Obviously this contrasts with Jamie Dimon’s spotless reputation (at least in Washington) and his bold talk of a “fortress balance sheet.” Yet as you read the report, it’s hard to see the bank as anything but a criminal racket just days away from imploding, were it not propped up by implicit bailout guarantees and light-touch regulators. Rosner paints a picture of a corporation saddled with pervasive internal control problems, and he calculates that since 2009, JPM has paid out $8.5 billion in settlements for its outlaw activity, which equals nearly 12% of net income over the same period.

It’s hard to summarize all of the documented instances in this report of JPM has been breaking the law, but here's a quick list:
Bank Secrecy Act violations
Money laundering for drug cartels;
Violations of sanction orders against Cuba, Iran, Sudan, and former Liberian strongman Charles Taylor;
Violations related to the Vatican Bank scandal;
Violations of the Commodities Exchange Act;
Failure to segregate customer funds (including one CFTC case where the bank failed to segregate $725 million of its own money from a $9.6 billion account) in the US and UK;
Knowingly executing fictitious trades where the customer, with full knowledge of the bank, was on both sides of the deal;
Various SEC enforcement actions for misrepresentations of CDOs and mortgage-backed securities;
The AG settlement on foreclosure fraud;
The OCC settlement on foreclosure fraud;
Violations of the Servicemembers Civil Relief Act;
Illegal flood insurance commissions;
Fraudulent sale of unregistered securities;
Auto-finance ripoffs;
Illegal increases of overdraft penalties;
Violations of federal ERISA laws as well as those of the state of New York;
Municipal bond market manipulations and acts of bid-rigging, including violations of the Sherman Anti-Trust Act;
Filing of unverified affidavits for credit card bedt collections;
Energy market manipulation that triggered FERC lawsuits;
“Artificial market making” at Japanese affiliates;
Shifting trading losses on a currency trade to a customer account;
Fraudulent sales of derivatives to the city of Milan, Italy;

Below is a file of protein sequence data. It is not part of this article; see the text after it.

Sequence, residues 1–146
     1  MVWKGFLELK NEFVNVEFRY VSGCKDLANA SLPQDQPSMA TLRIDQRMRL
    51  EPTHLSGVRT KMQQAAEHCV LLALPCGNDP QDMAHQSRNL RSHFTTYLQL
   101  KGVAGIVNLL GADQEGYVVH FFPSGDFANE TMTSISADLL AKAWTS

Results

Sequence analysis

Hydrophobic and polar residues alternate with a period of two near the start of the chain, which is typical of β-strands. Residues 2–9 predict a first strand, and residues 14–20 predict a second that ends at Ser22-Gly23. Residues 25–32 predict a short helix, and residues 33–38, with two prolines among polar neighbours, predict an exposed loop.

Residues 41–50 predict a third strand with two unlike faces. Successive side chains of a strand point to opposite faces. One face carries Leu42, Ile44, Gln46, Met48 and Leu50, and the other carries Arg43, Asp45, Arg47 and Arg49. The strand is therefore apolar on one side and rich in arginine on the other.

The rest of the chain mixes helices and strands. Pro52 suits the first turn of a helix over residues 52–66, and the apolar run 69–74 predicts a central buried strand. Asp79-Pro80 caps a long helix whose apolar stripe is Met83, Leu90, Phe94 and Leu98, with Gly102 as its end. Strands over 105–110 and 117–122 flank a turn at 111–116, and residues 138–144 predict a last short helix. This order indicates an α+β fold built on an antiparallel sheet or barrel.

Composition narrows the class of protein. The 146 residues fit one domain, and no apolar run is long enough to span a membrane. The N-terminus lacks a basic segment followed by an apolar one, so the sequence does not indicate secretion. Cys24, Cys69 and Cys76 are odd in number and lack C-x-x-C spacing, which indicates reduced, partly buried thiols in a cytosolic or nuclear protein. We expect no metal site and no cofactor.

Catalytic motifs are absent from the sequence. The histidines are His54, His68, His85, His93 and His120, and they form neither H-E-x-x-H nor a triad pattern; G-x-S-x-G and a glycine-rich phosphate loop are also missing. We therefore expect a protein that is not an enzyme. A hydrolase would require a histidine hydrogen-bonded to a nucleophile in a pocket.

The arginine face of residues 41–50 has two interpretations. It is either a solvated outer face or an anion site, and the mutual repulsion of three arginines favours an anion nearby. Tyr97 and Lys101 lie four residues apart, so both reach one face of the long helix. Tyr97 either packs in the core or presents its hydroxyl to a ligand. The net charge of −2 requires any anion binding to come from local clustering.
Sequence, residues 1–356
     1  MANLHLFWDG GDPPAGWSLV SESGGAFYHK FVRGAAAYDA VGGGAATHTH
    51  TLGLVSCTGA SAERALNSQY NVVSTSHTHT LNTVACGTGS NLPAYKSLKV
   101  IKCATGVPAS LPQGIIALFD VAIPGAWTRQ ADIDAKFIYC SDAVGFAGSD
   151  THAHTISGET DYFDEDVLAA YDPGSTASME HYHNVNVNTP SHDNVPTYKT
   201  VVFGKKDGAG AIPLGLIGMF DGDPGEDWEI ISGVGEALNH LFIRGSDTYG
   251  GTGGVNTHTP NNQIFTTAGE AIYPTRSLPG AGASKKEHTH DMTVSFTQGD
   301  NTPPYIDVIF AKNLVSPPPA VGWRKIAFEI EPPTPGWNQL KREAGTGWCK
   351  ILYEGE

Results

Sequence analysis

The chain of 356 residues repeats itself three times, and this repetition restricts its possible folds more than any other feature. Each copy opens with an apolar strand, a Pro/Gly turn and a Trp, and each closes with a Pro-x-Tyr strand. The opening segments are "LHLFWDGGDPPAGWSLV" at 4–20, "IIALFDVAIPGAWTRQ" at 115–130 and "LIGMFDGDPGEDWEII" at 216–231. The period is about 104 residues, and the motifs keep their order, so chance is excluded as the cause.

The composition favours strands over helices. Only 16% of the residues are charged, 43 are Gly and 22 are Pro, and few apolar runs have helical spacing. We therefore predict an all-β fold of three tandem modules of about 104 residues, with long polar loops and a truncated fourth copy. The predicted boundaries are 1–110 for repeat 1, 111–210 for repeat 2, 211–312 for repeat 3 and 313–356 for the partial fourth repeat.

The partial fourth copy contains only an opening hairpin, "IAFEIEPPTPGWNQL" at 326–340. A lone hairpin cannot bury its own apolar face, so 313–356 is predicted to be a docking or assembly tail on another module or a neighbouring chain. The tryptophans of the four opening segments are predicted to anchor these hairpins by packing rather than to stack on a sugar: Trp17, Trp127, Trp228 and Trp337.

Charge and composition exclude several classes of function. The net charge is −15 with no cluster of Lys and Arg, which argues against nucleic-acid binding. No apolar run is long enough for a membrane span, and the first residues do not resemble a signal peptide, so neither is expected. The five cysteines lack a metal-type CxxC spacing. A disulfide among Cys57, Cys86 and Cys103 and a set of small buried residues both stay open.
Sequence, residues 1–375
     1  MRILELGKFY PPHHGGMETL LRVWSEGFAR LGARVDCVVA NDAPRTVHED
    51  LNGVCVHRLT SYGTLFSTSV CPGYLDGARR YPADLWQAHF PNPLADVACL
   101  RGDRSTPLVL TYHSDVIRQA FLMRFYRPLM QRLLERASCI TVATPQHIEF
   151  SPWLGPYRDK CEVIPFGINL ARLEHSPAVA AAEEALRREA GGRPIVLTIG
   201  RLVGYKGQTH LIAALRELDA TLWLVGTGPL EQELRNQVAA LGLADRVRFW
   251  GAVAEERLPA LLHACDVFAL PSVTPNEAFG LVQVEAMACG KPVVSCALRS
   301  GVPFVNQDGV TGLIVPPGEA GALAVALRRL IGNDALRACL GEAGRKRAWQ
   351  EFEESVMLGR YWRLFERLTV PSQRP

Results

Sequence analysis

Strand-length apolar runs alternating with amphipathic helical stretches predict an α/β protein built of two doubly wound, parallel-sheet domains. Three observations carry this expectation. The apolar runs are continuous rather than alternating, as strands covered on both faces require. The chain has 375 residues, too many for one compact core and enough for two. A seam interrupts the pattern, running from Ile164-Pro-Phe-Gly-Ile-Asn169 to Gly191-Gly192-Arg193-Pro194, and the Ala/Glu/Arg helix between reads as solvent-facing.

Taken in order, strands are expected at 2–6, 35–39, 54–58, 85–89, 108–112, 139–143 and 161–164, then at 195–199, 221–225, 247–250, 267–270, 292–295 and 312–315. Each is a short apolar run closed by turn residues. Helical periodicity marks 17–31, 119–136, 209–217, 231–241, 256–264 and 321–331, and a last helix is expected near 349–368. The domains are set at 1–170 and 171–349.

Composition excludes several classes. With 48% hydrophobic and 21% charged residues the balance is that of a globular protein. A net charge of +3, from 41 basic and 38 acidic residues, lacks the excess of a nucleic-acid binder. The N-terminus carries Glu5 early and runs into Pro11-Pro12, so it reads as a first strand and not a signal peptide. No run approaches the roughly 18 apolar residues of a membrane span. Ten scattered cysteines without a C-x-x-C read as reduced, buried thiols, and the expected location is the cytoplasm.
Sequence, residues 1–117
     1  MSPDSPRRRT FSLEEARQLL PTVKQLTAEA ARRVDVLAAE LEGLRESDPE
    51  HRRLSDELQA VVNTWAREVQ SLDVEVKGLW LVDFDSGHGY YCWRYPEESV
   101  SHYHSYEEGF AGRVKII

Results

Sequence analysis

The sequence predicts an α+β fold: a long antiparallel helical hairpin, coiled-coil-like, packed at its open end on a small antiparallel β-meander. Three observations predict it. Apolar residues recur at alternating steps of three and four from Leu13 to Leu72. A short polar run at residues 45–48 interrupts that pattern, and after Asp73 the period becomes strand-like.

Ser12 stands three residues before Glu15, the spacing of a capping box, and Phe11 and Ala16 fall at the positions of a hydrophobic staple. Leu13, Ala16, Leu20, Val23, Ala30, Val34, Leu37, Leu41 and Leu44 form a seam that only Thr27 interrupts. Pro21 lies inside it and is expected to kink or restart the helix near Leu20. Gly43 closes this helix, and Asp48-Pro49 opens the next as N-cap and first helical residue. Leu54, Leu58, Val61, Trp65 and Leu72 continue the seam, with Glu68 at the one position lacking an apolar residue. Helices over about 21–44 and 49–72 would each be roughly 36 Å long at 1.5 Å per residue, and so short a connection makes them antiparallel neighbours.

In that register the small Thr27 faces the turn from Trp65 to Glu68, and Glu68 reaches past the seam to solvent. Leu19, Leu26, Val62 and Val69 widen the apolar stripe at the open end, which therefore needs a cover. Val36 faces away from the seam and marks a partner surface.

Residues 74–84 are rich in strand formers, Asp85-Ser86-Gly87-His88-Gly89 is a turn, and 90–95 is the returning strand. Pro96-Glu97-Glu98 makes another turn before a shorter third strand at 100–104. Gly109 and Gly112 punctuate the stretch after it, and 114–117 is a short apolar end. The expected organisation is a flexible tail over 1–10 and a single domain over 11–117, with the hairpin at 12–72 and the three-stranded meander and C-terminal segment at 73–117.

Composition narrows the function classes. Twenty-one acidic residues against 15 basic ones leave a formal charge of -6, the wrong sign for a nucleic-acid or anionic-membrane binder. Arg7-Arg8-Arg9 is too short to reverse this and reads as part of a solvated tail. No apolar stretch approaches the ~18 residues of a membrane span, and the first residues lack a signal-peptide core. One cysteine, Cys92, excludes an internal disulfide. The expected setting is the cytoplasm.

Obstruction of justice (including refusing the release of documents in the Bernie Madoff case as well as the case of Peregrine Financial).
And these are only the ones where the company has entered into settlements or been sanctioned; it doesn’t even include ongoing investigations into things like Libor, illegally concealing inclusions of mortgage-backed securities in employer funds (another ERISA violation), the Fail Whale trades, and especially putback suits for mortgages.

Two case studies stand out. First, JPM is trying to stick the public with losses related to its purchase of Washington Mutual and its related liabilities. JPM wants to shift losses on over $190 billion in MBS onto the FDIC. They hope to get out from under as much as $5 billion in losses in this fashion. It’s impossible to logically follow JPM’s claim that they purchased WaMu but not any of its risk-related activities.

Finally, we have the Fail Whale trade, the subject of the Friday Permanent Subcommittee on Investigations hearing. The case study keys in on JPM’s internal “Task Force” report .It limited the scope of the investigation to late 2011 and 2012, when now-public data clearly shows the problems at the Chief Investment Office going back years earlier, and fully known to senior management at the time. This looks like a clear violation of Sarbanes-Oxley, as top executives annually attested to the accuracy of financial statements now known to be untrue. The Task Force tried to exonerate Jamie Dimon by actually saying in a footnote that he was out of town for a period of time covered by the report.

Do I really think that anything will come of these ever increasing reports that show the banksters are incredibly corrupt? Probably not, but today is pi day; a day of infinite possibilities.